Maybe they’re just worried about what will happen if I grow up.

    I kept silent for a moment as Yamaki bounced ideas, more off himself than off me. The reason I’d been summoned so young very well could be a clue—but, at the same time, it was an uncomfortable topic. My own thought was irrational, of course; I knew that, because I’d grown up several times. Into all kinds of different things.

    “I thought someone might be testing the Re-Animator; that’s why I asked you if you’d used it recently,” I reminded him.

    Yamaki frowned, putting the brakes on his train of thought to look at me.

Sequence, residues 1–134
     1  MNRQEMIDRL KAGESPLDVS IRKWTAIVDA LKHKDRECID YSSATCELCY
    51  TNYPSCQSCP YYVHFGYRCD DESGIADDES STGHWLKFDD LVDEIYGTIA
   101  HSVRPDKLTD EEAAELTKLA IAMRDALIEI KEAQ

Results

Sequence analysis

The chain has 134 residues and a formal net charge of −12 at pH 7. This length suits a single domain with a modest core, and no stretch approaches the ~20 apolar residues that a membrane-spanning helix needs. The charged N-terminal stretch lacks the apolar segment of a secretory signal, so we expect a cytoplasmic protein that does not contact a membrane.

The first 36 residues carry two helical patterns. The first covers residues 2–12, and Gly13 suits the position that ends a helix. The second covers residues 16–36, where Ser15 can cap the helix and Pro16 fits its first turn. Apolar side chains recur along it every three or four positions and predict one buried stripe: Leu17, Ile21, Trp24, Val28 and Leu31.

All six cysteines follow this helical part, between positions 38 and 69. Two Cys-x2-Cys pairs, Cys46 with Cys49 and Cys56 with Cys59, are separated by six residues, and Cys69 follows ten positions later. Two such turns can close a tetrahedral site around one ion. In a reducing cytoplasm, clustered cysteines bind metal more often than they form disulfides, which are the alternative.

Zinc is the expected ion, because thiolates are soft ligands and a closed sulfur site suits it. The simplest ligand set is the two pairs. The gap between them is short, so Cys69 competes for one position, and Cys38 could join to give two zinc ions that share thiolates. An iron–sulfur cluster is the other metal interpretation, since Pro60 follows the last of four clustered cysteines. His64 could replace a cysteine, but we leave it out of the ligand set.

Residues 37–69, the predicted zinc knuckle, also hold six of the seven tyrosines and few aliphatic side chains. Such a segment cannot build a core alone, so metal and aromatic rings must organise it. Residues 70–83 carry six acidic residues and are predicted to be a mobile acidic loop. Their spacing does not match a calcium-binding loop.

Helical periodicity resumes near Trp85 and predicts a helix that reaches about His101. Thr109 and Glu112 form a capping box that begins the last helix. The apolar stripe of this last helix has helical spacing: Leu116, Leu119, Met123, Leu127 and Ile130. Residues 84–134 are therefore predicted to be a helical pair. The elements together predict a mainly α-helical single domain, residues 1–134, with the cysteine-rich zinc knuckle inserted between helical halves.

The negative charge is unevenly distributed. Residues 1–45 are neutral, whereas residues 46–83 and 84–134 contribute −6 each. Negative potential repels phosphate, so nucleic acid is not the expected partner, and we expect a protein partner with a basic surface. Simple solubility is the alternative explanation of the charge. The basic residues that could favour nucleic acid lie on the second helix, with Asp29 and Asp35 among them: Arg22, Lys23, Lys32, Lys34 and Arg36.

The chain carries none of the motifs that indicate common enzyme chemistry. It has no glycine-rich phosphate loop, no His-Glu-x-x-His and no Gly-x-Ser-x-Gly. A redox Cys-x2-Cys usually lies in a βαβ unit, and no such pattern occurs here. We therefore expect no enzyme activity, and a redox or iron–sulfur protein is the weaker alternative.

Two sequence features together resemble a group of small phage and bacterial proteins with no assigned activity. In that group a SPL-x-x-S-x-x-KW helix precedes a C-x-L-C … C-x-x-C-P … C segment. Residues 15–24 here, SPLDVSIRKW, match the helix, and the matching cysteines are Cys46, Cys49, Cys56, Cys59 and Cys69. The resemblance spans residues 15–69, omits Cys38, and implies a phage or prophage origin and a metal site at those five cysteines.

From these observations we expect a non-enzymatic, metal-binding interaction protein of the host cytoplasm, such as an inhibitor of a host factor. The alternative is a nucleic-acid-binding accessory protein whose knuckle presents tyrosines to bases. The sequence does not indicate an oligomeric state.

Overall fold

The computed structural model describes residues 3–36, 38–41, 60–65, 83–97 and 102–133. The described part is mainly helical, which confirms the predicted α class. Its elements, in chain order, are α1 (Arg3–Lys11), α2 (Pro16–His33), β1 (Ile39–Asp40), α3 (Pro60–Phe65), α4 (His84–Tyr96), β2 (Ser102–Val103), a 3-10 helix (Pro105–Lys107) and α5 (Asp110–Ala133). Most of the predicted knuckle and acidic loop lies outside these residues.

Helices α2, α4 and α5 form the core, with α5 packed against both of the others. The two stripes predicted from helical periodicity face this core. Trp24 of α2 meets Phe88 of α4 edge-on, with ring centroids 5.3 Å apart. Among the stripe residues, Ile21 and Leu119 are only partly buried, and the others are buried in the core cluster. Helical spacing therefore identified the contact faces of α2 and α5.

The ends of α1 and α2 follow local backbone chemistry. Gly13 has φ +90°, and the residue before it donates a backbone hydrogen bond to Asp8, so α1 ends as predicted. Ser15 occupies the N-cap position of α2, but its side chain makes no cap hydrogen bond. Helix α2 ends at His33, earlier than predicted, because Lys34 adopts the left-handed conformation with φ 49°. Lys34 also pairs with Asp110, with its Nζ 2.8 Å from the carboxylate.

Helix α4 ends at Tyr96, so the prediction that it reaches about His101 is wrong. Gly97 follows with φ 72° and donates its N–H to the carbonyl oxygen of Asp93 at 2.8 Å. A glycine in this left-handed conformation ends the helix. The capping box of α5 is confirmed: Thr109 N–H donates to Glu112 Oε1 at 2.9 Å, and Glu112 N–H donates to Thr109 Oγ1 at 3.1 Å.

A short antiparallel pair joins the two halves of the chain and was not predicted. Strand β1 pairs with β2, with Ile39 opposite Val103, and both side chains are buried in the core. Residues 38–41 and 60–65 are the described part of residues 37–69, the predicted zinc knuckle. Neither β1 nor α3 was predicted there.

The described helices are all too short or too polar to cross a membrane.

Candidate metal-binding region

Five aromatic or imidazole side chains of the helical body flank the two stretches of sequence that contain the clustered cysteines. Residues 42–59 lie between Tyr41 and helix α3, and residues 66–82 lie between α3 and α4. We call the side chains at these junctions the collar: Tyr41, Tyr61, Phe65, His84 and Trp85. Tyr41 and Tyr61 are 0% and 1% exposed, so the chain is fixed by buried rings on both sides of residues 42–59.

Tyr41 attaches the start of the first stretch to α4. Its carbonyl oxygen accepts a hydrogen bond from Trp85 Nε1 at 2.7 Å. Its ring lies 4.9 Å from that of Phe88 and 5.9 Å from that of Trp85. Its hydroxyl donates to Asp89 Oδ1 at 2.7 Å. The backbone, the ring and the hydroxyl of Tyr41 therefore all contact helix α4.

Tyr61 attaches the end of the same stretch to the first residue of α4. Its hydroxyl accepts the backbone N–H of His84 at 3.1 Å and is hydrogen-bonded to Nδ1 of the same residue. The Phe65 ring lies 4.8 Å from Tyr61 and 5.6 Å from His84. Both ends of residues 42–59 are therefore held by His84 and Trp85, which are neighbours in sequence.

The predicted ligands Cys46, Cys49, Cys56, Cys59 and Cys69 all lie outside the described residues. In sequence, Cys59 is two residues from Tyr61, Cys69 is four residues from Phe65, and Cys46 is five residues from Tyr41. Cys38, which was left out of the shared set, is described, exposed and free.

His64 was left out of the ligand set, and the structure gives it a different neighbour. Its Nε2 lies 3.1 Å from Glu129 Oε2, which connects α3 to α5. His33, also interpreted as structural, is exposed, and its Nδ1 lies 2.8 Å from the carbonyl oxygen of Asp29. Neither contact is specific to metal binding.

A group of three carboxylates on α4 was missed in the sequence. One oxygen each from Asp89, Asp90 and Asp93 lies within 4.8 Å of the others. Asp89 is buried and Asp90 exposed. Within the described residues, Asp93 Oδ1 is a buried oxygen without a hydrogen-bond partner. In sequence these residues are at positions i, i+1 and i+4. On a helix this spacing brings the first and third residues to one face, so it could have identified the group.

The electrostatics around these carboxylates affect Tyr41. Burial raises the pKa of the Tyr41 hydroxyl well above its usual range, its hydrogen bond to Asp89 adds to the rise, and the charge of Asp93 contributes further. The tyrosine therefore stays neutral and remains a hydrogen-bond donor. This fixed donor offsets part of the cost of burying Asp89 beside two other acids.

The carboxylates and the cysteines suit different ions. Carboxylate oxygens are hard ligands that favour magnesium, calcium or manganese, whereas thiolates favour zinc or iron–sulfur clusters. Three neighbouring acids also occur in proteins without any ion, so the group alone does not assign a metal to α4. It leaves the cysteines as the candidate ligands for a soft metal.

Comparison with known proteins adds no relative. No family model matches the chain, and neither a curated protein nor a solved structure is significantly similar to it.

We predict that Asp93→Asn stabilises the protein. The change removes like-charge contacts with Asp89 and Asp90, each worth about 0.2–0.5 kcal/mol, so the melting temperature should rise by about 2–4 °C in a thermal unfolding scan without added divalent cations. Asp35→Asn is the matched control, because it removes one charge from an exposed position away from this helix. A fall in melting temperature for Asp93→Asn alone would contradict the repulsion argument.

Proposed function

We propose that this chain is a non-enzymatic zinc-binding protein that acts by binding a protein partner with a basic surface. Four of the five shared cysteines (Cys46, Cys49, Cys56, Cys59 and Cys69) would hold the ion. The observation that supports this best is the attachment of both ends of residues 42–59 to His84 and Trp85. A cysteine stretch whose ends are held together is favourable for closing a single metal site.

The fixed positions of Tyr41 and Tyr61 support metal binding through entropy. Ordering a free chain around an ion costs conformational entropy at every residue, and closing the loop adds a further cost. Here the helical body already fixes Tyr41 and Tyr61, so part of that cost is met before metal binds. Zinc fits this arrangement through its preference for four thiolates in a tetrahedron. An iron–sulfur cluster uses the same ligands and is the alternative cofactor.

“Impossible,” he said, though with a frown that belied his own concerns. “While, in theory, we could assemble the device and enter the testing phase immediately if we needed to, we’re nowhere near even beginning to do so safely—even the device itself was built only as a last resort. You said it had been used to summon you, and I can unfortunately imagine exactly why, but you have to understand that it’s a device meant to allow something from the Digital World easy access to our world, which is something we very much do not want. The only reason it was even suggested, much less approved, was because of you Tamers and your success against the D-Reaper; if the worst should happen and Digimon begin to break through once more, it would be our best shot at connecting you and your partners. Presumably, it worked in the future, but currently, the mere suggestion to use it would be laughed out of the meeting room. Whatever you might think of me, please believe me when I say that if I could bring your partners back safely, I would have done so already; you kids saved the world, after all, and you’re one of our only lines of defense in case of a major Realization besides. So please also believe me when I say that if I tried to do that right now, the disturbance caused by its use would result in Digimon crossing over almost immediately afterwards. Unless a crisis is imminent anyway, its use wouldn’t even be considered.”